interblock sync without __threadfence() ?

Hi,

after looking through CUDA2.2 beta programming guide i noticed a new functionality, namely threadfence() and threadfence_block()
to enforce shared/global memory consistency…

do it essentially mean that without this functionality (in CUDA 2.1) there is no way to implement “correct” interblock synchronization (that is, only using atomic intrinsics) ?
in other words, no way to ensure that all threads of a block have finished global memory transaction,
such that the block can notify others that its results are available ?

thanks

As far as I’m aware, no - there’s no other way to ‘correctly’ synchronize warps within a block - or blocks within a kernel - in relation to global memory transactions.

Of course with atomics, you can synchronize warps/blocks, however - there’s no guarantee any prior memory transactions will have completed…

I’m curious however, what (if any) the compute capability requirements for thread fence functionality are. (If this works on ‘all’ hardware, this is probably the best feature I’ve seen in CUDA, ever. as we currently write ‘all’ kernels for 1.0 compute capability, so no atomics…)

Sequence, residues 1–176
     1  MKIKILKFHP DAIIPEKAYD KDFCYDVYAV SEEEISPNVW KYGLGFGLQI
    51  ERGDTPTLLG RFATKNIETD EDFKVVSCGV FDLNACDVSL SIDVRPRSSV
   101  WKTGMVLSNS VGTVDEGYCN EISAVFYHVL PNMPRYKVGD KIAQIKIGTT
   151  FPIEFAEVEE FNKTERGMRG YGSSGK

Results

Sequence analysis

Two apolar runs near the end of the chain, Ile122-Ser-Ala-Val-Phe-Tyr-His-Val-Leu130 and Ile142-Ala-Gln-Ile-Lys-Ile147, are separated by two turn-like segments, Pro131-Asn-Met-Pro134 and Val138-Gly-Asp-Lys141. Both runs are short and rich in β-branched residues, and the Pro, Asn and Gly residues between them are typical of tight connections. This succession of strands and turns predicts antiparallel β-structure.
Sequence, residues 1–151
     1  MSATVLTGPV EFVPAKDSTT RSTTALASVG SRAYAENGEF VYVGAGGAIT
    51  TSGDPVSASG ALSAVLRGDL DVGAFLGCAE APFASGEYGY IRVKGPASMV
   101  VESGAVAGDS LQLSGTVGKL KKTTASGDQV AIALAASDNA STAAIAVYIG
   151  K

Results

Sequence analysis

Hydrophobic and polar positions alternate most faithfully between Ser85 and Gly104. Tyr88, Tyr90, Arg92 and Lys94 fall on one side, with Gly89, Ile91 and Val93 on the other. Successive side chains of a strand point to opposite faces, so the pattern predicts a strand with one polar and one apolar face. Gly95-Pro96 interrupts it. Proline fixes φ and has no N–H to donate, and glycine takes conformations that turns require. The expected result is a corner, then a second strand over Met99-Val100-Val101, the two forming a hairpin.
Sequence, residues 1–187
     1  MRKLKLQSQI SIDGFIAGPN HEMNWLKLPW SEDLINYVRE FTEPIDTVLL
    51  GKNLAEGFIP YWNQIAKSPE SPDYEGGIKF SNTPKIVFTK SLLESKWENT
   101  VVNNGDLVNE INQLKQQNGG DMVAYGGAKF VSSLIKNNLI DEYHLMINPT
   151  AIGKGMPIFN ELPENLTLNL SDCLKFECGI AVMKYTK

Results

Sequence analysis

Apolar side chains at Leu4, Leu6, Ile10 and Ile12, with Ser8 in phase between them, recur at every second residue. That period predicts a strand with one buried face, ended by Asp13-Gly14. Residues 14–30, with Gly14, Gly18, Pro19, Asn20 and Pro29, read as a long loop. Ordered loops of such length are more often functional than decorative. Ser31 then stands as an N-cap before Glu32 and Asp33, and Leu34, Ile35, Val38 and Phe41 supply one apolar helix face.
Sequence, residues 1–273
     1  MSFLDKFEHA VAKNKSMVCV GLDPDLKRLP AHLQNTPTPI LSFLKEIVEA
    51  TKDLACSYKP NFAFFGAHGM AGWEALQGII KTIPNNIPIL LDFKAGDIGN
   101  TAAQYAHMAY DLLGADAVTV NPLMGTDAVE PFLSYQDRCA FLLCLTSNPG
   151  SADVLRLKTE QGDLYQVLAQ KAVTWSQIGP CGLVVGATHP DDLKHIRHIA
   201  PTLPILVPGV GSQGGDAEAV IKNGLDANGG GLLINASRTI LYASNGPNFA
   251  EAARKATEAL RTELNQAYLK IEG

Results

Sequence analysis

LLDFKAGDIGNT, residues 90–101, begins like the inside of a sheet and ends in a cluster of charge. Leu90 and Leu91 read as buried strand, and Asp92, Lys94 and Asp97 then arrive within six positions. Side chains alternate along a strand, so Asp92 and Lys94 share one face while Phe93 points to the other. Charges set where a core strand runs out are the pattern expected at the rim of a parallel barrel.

Edit: Actually I could be wrong about what I said - I can’t find any definitive documentation regarding gmem transactions and and synchronous behaviour between threads… I’m just ‘assuming’ gmem transactions are asynchronous, and the order of transactions operations being sent isn’t necessarily the order the card will complete them in.

It depends what you mean by “synchronization” and what you mean by “correct”.

Inter-block communication in general could be considered “incorrect” in the sense that blocks should be completely independent. The kernel should give correct behavior regardless of how many blocks run simultaneously, and regardless of what order they run in. Almost any inter-block communication will violate this, regardless of the mechanism used.